G.E. Defossé and Robberecht, R. 1996. Effects of competition on the postfire recovery of two bunchgrass species. Journal of Range Management 49:137-142.

Abstract The effects of competition, grazing, and microsites on seedling dynamics of Festuca spp. were investigated in a semiarid steppe of Patagonia, Argentina. In an exclosure and an adjacent grazed area, the level of root competition for seedlings was controlled through root exclusion tubes (0.1 m diameter, 0.4 m long) installed adjacent to seven similarly-sized Festuca pallescens plants and in the interspace between F. pallescens plants. Seedling dynamics at the phenological stages of a) recently emerged and up to four leaves and b) five leaves and up to one tiller were followed inside the tube area (no competition) and in paired circles (competition) for approximately three growing seasons. Peak density of Festuca spp. seedlings occurred in fall and early spring, when water content in the first 0 to 5 cm of the soil was above 8%. Seedling densities of Festuca spp. at the two phenological stages were significantly reduced by grazing. At the phenological stage of one to four leaves, seedlings were not affected by root competition, although their densities were significantly higher for seedlings adjacent to F. pallescens plants than in the interspace between plants. This was due to higher soil water content in these areas throughout the season in the 0 to 5 cm of the soil. Seedling densities at the phenological stage of five leaves and up to one tiller were significantly higher when there was no competition from neighboring grass plants as compared to seedlings exposed to competition. In regard to microsite differences, seedling density was significantly greater in the interspaces than adjacent to mature plants. These results suggest that although higher seedling densities can be obtained by excluding the area from grazing, intraspecific competition for soil water during the summer drought period can act as a barrier for further Festuca spp. seedling establishment.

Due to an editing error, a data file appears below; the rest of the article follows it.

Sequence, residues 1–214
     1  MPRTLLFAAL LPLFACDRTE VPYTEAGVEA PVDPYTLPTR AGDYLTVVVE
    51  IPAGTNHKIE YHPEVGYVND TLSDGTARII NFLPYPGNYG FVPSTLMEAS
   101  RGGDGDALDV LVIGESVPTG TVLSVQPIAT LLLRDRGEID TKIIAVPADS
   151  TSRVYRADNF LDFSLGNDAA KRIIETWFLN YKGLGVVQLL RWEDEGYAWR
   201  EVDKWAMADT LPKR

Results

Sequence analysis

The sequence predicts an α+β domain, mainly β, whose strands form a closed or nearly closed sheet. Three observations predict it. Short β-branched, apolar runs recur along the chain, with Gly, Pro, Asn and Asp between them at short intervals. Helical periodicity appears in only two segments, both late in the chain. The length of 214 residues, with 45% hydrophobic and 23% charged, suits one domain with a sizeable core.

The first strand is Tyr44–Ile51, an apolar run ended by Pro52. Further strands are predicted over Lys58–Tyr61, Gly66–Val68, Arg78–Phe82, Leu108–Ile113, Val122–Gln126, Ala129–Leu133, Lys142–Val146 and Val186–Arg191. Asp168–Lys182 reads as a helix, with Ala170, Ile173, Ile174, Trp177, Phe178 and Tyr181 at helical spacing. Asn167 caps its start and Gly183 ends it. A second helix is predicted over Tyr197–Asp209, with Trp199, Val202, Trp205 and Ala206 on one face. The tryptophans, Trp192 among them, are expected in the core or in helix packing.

This study was funded by a grant from the Consejo Nacional de Investigaciones Científícas y Técnicas (CONICET) de la República Argentina (PID 3058100/88). Additional support was provided by the Idaho Forest, Wildlife and Range Experiment Station (Contribution no. 793).